A neutral approach to health
      Close: The importance of zoos
    • Jumbo the Elephant(1860-1885)
    • Before Jumbo was jumbo
      1860-1861: Born, captured in Sudan
      ~1862: Bought by Paris Zoo (Ménagerie du Jardindes Plantes)
      ~1862-1865: Neglected and malnourished
      1865: Traded to the London Zoo, arrived in London covered in sores
    • 1870 – Siege of Paris
    • 1865–1882: Jumbo becomes jumbo
    • 1882 – P.T. Barnum buys Jumbo
    • 1882 – Jumbo arrives in New York
    • 1885 – Tragedy on the tracks
    • 1889 – The Tufts Jumbos
    • 1941 – Dumbo
    • Jumbo shrimp
    • Jumbo jet
    • Jumbo loans
    • JumboTron
    • Chanel “Jumbo grey” handbag
    • 1991 – Impacted molars
      “His unnatural diet, devoid of coarse grasses, leaves, and the roughage of bark, dirt, and roots, did not allow his molars to wear sufficiently quickly, and when his fifth pair erupted, they buckled and grew inward.”
      Source: Van Gelder, Richard G. (1991) A Big Pain, Natural History, 100: 22 in A Different Nature (Hancocks)
    • The Jumbo Diet™
      Daily
      200 lbs. of hay
      2 bushels of oats
      1 bushel of sweet biscuits
      15 loaves of bread
      3 quarts of onions
      Occasional
      Buckets of apples, oranges, figs, nuts, cakes, and candies
      “enthusiastically taken hefty swigs of whiskey”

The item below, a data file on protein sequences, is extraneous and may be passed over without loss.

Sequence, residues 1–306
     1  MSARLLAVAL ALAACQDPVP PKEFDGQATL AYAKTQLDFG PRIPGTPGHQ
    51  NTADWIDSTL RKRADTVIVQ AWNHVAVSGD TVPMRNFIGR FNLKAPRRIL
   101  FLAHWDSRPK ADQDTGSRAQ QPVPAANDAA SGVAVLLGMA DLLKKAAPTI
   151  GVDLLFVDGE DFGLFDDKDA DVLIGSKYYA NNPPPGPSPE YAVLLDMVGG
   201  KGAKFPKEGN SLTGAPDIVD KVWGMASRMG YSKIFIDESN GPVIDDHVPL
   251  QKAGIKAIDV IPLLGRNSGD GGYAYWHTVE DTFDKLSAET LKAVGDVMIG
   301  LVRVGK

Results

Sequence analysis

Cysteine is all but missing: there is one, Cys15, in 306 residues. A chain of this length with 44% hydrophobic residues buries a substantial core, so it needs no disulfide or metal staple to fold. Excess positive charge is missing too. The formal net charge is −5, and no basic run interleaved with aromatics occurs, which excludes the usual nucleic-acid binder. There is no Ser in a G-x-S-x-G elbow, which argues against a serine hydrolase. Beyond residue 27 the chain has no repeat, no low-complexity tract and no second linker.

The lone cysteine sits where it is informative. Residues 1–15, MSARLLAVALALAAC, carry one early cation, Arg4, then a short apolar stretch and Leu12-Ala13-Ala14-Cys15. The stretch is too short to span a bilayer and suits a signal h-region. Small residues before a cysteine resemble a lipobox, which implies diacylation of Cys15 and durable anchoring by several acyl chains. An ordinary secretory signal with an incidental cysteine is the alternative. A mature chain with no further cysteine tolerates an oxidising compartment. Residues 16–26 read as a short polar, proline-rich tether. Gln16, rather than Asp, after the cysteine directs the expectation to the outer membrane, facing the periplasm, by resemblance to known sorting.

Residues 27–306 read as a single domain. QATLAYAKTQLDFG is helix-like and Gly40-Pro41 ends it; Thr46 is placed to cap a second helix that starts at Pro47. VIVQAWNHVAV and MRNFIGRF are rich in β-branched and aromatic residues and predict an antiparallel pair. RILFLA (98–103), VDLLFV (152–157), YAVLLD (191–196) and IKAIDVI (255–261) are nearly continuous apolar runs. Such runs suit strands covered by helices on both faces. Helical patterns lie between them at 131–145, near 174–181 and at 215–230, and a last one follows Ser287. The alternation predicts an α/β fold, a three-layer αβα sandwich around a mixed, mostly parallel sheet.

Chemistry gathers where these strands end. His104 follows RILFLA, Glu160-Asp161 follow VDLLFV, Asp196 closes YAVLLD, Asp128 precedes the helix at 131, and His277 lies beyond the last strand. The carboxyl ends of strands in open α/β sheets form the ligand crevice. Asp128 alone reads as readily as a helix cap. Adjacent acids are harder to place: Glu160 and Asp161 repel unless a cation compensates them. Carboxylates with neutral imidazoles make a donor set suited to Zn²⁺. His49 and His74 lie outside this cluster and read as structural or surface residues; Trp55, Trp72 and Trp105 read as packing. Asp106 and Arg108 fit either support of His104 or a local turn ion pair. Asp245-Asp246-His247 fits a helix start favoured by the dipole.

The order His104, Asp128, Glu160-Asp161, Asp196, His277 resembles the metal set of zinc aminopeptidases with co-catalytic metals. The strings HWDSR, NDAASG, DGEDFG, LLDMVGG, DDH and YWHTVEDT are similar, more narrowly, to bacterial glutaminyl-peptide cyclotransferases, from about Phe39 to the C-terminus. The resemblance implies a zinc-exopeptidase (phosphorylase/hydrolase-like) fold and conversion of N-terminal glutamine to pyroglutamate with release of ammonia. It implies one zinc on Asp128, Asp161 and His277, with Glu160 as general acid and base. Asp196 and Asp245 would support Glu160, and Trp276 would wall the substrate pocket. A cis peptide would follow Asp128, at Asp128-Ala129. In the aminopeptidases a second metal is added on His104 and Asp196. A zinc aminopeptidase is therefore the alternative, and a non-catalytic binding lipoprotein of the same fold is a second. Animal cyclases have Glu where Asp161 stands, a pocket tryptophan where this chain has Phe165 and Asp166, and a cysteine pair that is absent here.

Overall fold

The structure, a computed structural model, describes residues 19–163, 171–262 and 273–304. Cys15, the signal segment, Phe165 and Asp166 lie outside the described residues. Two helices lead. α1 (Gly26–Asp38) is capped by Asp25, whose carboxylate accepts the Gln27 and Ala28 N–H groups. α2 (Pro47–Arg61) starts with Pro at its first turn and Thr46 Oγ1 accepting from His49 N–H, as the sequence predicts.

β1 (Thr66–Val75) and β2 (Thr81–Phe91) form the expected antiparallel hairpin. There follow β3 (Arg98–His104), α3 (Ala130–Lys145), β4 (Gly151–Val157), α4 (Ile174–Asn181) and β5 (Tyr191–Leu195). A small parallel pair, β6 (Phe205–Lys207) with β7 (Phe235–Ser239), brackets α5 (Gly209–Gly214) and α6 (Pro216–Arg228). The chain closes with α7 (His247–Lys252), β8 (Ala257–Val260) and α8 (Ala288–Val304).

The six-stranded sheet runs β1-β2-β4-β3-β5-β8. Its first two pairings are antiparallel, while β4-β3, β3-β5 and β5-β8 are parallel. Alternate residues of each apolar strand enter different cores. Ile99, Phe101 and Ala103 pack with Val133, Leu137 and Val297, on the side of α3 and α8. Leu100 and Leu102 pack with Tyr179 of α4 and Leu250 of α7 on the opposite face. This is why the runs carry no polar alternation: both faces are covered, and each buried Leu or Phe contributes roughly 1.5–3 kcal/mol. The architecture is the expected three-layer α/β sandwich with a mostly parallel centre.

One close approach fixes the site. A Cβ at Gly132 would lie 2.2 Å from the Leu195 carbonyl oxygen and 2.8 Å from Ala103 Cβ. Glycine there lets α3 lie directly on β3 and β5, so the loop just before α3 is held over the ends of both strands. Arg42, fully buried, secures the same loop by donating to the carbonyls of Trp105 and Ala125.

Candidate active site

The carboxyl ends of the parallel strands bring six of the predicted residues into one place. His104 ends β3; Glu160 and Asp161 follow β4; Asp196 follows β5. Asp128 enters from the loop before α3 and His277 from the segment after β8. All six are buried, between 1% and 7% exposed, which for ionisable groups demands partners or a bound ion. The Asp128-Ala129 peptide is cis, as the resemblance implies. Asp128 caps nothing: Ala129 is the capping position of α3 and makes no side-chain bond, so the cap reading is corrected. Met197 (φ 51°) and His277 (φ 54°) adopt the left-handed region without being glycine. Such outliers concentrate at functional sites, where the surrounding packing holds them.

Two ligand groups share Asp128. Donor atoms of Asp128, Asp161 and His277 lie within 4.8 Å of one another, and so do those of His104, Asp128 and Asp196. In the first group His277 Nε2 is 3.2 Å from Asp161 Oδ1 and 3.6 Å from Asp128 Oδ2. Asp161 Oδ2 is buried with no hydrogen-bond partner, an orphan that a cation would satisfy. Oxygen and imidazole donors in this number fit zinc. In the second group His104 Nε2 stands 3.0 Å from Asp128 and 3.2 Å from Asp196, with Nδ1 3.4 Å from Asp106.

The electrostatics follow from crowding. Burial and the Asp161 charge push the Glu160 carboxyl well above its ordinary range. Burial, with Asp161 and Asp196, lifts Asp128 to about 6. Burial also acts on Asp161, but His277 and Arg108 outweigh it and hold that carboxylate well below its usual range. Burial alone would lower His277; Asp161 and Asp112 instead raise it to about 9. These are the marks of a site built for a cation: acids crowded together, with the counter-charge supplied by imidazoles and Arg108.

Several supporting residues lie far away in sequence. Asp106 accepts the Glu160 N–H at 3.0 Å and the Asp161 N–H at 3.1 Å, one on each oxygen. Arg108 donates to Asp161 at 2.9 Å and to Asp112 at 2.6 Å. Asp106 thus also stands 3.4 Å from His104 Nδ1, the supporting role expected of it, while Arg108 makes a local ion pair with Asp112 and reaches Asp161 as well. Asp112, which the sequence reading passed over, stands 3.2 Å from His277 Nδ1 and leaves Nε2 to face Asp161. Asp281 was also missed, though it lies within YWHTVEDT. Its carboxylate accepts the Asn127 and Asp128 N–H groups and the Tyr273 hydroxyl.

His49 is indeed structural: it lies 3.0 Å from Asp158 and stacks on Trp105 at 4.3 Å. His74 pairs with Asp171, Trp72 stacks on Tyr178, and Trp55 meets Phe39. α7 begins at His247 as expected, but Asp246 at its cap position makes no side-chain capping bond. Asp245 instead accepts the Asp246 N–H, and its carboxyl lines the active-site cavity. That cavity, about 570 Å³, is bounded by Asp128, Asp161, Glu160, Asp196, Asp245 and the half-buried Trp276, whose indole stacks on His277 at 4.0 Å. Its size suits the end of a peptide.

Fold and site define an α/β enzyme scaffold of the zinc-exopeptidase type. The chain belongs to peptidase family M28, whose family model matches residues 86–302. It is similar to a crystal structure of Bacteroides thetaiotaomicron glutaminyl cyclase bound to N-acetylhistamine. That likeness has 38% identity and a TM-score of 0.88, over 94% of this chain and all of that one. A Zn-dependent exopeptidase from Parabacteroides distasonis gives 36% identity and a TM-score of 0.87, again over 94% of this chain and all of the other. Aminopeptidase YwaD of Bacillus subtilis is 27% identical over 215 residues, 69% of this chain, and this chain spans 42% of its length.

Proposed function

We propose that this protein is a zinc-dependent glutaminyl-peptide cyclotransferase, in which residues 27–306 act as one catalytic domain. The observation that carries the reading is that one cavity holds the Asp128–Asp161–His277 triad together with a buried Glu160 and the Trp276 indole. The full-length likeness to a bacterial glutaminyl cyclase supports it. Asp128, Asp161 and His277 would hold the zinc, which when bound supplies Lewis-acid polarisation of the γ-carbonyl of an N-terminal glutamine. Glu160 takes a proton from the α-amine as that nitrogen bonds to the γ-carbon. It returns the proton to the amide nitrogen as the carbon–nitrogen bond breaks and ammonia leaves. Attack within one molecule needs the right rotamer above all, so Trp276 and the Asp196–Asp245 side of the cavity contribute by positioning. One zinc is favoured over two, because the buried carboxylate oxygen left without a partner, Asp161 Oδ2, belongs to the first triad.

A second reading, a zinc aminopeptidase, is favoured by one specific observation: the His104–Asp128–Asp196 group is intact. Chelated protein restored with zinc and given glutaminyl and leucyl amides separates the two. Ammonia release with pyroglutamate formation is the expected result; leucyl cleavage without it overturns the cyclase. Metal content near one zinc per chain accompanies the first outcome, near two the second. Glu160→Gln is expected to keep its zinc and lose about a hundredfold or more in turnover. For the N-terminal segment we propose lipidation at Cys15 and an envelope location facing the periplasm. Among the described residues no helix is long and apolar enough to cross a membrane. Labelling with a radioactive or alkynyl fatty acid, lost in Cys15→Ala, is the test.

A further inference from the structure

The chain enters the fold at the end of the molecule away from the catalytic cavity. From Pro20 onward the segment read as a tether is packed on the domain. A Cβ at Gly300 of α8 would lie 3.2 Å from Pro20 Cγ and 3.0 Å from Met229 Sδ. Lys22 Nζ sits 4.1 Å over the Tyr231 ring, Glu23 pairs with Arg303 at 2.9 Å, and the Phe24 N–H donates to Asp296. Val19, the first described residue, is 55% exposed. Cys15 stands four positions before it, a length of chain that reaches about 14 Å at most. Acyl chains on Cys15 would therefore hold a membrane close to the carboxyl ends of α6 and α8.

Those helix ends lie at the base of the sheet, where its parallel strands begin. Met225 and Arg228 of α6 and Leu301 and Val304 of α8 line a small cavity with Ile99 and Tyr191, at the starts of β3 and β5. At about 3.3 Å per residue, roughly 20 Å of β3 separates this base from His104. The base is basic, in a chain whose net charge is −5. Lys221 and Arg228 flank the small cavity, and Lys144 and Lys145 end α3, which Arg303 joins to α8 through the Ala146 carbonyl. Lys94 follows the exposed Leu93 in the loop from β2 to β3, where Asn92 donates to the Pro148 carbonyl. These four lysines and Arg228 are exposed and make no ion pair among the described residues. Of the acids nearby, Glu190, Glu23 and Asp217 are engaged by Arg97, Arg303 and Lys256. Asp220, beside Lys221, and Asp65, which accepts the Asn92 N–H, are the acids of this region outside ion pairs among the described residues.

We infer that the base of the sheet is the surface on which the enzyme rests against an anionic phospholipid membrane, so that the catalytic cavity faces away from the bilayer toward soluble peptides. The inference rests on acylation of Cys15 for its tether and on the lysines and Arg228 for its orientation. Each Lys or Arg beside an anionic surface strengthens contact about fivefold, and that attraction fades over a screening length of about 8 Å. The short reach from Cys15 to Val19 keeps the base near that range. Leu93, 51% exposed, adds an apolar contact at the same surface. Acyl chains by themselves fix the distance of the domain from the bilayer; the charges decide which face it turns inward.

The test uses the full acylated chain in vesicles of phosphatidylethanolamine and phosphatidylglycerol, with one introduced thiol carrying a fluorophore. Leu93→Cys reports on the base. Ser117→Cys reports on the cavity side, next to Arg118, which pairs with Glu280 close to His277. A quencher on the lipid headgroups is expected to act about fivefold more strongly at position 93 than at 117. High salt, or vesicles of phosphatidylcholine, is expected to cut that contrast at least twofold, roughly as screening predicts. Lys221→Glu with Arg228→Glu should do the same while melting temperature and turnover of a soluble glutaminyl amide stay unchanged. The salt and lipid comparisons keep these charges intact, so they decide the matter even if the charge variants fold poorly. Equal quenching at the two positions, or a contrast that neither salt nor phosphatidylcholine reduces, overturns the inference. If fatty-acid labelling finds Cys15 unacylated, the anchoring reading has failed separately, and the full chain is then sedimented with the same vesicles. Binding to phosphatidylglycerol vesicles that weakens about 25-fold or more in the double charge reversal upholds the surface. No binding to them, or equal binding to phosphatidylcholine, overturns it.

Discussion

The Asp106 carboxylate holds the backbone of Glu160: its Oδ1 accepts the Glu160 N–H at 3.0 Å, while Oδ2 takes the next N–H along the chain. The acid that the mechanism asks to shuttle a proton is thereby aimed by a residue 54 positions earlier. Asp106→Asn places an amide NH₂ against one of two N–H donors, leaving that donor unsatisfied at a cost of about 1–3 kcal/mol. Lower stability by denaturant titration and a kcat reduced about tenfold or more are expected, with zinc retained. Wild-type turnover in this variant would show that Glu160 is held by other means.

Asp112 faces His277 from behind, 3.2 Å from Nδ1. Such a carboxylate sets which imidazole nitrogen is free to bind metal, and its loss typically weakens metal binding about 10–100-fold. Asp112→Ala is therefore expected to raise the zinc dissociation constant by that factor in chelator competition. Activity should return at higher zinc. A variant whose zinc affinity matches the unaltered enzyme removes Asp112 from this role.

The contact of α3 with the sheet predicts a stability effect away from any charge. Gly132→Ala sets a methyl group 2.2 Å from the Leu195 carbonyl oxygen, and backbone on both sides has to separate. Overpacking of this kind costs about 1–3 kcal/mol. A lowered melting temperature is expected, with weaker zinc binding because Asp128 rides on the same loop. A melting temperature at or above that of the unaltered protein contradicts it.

Source: Preston, D. J. (1983) Jumbo, king of elephants, Natural History, 92: 80–3 in A Different Nature (Hancocks)
    • Jumbo’s Story
      What is normal?
      What is the role of zoos?
      How do you keep wild animals healthy?
      How can zoos influence the popular imagination?
    • A Brief History of Zoos
    • Why?
      Entertainment
      Status
      Research
      Conservation
    • A 3-word history of humanity
      WILD
      AGRICULTURAL
      INDUSTRIAL
      Hunter-Gatherers
      Herder-Farmers
      Producer-Consumers
    • A brief history of wild animals in captivity
      AGRICULTURAL
      INDUSTRIAL
      WILD
      Royal Menageries
      Zoological Gardens
      none /
      small scale
    • Timeline
      WILD
      [small scale: trap, tame, domesticate]
      Agricultural Revolution
      3,500 BCE – Hierakonpolis (Egypt)
      1,150 BCE – Tanki (China)
      1,100 BCE – Tiglath-Pileser(Assyria)
      600 BCE – Nebuchadnezzar II (Babylon)
      300 BCE – Roman gladiatorial games
      1521 – Montezuma’s menagerie (Aztec) destroyed by Cortez
      1626 – Menagerie at Versailles
      1795 – Menagerie du Jardin des Plantes (Paris)
      1826 – Zoological Society of London forms
      1828 – Zoological Gardens opens
      1849 – First reptile house opens
      1853 – First public aquarium opens
      1867 – The word “zoo” appears in OED
      DOMESTICATED
      Industrial Revolution
      INDUSTRIAL
    • Agricultural: Royal Menageries
      power, prestige, control over Nature, blood sport
      Nero (37-68 AD). "Christians Flung To The Wild Beasts", engraving from “A Popular History of Rome” by D. Rose, 1886.
    • Agricultural: Royal Menageries
      power, prestige, control over Nature, bloodsport
      Menagerie at Versailles under Louis XIV (1660s)
    • Industrial: Zoological Collections
      reductive, organized taxonomically, sterile, modernist
      Snow leopard at the Bronx Zoo (1906)
    • Industrial: Zoological Collections
      reductive, organized taxonomically, sterile, modernist
      Rhinos at the Berlin Zoo (1960s)
    • Industrial: Zoological Collections